Saturday, 7 March 2009

Advice for Dog Walkers

This notice is posted on the gate of a private house in Preuilly. It made me smile, but I am also thinking seriously of copying it for our front courtyard. Unfortunately I suspect the Yorkie next door can't read and is not accompanied on his evacuative ventures.

The notice translates as:

Notice to Dog Walkers

Ladies and Gentlemen walking dogs, please have your animal do its business in the designated areas and not on the public footpath.

If unfortunately your animal does not apply the rules despite your suggestions, don't forget that 'Doggiette' bags for retrieving the material are available at the Council Offices, so you will have a clear conscience.

Dogs are our friends, but owners are solely responsible.

Signed: Households calling for a cleaner Preuilly.



Anonymous said...

There have only ever been 3 things about France that I don't love.
1. Smoking in restaurants, now rarely seen.
2. Parking habits. On the pavement, leaving pedestrians to the mercy of the traffic, across the entrance to your drive, etc.
3. Dog poo every few paces on the pavement. Makes sight-seeing so much more of a gamble - look upwards only if you dare take your eyes off the yard in front of your feet!

Susan said...


1. Agreed, but then, I was shocked by how many people smoked in public in the UK when I arrived 12 years ago!

2. Again, I don't think the French are alone in this habit. We live on a bend of a relatively main road in the UK. The house is right on the footpath, and there is a cycle lane and yellow line. None of this stops several people a day parking outside our house, and usually idling for however long they feel like, half on the footpath, forcing anyone with a pram or on a bike out into the line of traffic coming round the bend. Probably about once a fortnight someone parks across the driveway.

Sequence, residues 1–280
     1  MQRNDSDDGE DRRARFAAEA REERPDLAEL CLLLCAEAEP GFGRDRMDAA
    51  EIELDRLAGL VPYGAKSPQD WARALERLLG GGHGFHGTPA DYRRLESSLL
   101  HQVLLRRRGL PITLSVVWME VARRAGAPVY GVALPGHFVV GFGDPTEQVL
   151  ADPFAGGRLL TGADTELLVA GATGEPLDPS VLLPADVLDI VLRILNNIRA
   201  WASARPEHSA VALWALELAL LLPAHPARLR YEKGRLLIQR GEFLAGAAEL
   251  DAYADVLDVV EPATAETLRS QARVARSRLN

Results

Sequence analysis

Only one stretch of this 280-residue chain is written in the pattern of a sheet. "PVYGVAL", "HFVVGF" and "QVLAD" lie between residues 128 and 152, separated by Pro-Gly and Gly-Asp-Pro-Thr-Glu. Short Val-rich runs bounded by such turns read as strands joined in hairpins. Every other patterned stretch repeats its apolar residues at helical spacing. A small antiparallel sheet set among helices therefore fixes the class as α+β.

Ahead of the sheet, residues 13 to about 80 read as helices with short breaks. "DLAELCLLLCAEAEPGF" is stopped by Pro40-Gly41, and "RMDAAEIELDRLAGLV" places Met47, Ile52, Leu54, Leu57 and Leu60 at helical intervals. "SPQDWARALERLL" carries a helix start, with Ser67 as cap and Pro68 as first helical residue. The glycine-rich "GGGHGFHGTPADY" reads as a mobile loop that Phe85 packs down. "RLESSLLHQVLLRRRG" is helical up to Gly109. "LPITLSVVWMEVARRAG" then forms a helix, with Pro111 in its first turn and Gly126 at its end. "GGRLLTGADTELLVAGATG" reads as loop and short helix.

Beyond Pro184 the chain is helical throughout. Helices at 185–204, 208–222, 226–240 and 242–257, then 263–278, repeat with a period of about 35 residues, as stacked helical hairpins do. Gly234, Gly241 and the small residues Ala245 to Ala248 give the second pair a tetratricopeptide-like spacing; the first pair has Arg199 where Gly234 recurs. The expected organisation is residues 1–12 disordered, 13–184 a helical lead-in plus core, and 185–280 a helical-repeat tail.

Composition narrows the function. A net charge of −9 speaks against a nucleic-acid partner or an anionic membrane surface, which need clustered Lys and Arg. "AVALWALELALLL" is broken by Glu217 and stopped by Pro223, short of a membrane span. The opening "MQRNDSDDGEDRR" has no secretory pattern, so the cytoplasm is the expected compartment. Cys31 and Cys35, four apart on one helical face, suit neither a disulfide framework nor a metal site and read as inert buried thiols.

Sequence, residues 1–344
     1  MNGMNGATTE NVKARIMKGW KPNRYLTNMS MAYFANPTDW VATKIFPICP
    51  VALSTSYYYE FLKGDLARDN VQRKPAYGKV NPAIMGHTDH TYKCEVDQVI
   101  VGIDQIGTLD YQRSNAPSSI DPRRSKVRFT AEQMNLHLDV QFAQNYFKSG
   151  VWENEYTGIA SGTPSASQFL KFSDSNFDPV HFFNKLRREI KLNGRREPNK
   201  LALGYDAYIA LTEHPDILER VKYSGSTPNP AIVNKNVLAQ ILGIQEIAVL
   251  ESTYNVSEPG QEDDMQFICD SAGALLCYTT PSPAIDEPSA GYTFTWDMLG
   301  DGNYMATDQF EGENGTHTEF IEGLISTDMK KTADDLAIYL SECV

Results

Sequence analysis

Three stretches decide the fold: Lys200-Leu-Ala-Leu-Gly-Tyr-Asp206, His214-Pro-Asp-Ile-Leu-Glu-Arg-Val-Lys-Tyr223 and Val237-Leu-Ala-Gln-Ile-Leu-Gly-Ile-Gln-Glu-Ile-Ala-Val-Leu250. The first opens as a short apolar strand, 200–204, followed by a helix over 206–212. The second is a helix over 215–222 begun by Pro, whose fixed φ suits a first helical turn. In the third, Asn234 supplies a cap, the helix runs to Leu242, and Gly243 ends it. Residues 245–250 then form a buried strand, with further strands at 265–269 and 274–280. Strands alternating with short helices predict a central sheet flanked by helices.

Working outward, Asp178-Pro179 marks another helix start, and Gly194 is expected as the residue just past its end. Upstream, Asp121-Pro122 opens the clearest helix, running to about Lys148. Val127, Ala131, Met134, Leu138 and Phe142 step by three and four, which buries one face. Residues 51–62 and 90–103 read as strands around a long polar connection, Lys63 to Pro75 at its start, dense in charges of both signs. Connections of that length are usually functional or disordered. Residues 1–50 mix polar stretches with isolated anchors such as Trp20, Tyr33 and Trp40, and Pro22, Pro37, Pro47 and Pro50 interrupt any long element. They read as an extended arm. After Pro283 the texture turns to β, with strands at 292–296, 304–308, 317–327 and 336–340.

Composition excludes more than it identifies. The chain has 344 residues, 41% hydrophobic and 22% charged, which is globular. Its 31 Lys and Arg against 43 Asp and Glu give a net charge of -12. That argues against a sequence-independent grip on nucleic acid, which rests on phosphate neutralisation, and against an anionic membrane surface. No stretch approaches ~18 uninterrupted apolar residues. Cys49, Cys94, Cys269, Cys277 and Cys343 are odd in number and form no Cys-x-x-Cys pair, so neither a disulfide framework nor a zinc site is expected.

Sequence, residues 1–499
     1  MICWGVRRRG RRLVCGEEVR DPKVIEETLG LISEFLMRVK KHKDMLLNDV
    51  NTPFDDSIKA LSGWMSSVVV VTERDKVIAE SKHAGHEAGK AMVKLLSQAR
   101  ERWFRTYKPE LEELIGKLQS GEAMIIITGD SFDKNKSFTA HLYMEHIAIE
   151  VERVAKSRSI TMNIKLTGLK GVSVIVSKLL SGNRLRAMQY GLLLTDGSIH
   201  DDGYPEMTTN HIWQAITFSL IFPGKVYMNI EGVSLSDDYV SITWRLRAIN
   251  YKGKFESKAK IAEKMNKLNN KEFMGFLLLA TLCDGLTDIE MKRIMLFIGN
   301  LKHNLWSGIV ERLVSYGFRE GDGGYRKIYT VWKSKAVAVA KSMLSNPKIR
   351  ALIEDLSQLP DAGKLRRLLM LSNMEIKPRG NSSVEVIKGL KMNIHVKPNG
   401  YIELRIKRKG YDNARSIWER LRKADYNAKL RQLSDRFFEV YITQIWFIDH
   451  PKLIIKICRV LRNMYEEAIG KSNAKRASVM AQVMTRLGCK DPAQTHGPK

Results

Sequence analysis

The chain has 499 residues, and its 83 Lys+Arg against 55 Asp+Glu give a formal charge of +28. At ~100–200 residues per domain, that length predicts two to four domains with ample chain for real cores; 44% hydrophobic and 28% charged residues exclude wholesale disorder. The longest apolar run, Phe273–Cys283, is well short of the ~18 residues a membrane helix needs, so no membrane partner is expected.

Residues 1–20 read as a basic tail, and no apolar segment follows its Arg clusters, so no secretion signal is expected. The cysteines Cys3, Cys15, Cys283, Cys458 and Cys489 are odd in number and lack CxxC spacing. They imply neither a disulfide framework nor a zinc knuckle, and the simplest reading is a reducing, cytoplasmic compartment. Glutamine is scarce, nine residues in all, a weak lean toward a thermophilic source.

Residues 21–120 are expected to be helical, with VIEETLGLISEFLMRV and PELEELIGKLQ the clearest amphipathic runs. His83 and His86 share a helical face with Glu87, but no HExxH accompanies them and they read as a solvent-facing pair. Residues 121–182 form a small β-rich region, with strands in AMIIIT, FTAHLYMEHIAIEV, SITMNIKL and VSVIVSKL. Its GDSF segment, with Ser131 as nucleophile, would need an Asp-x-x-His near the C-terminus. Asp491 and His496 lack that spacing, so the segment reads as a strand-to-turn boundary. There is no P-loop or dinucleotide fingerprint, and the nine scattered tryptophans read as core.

3. The dog poo on footpath situation is probably better in the UK, but there do seem to be a surprising number of dog owners who pick up after their dogs in the UK, but think it is OK to chuck the bag into the bushes or into the gutter (for the next passing vehicle to burst). In France, I find the dog poo on the grassy areas of parks more of a problem than on the footpath, as it is more difficult to spot.

BTW, I once saw Peter Mandelson out with his dogs and scooping the poop in St James' Park in London.

Anonymous said...

Susan, I agree with you. These are the only things that, historically, I have not loved about France. They are no better in the UK. In fact, certainly in our little corner of France, people seem to have much better manners, more civic pride and more consideration for others than in our UK home town.

Ken Broadhurst said...

Do people really still smoke in restaurants in France? I don't go out enough to know. But smoking inside is now clearly illegal here.

Simon said...

We haven't seen people smoking in restaurants sice the new laws came in. For a nation famous for being bolshie, the French seem to have adapted to the new law pretty well.

Interestingly, L'Image has been totally non-smoking since before Susan and I started visiting in 2009

Ken Broadhurst said...

Hi Simon, I remember when speed limits on the roads and compulsory seat-belt laws were proposed in France. There was much bluster among the populace about how such laws and restriction were contrary to French practice and custom. And then everybody fell into line and obeyed the new laws. Same with smoking in public places, including restaurants and cafés.

Anonymous said...

What about the fact that, if you just want a table for 2 in a french restaurant, they are so close together that it is easier to talk to your neighbour than the person you are with. (If you were sat next to a chain smoker it could easily spoil a good dinner - thankfully that is no longer a problem.)

Susan said...

Simon means 2006 I think.

Anon: It is curious that the French care so much about food, yet were such notorious smokers as well. As you say, thankfully no longer a problem. Conversing with your neighbour can be amusing though.

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